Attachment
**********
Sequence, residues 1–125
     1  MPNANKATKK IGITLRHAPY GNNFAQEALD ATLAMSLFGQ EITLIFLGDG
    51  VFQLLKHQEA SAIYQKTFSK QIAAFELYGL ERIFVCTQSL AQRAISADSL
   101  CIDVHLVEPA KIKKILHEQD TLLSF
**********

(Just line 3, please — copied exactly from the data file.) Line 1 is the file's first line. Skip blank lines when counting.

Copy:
    51  VFQLLKHQEA SAIYQKTFSK QIAAFELYGL ERIFVCTQSL AQRAISADSL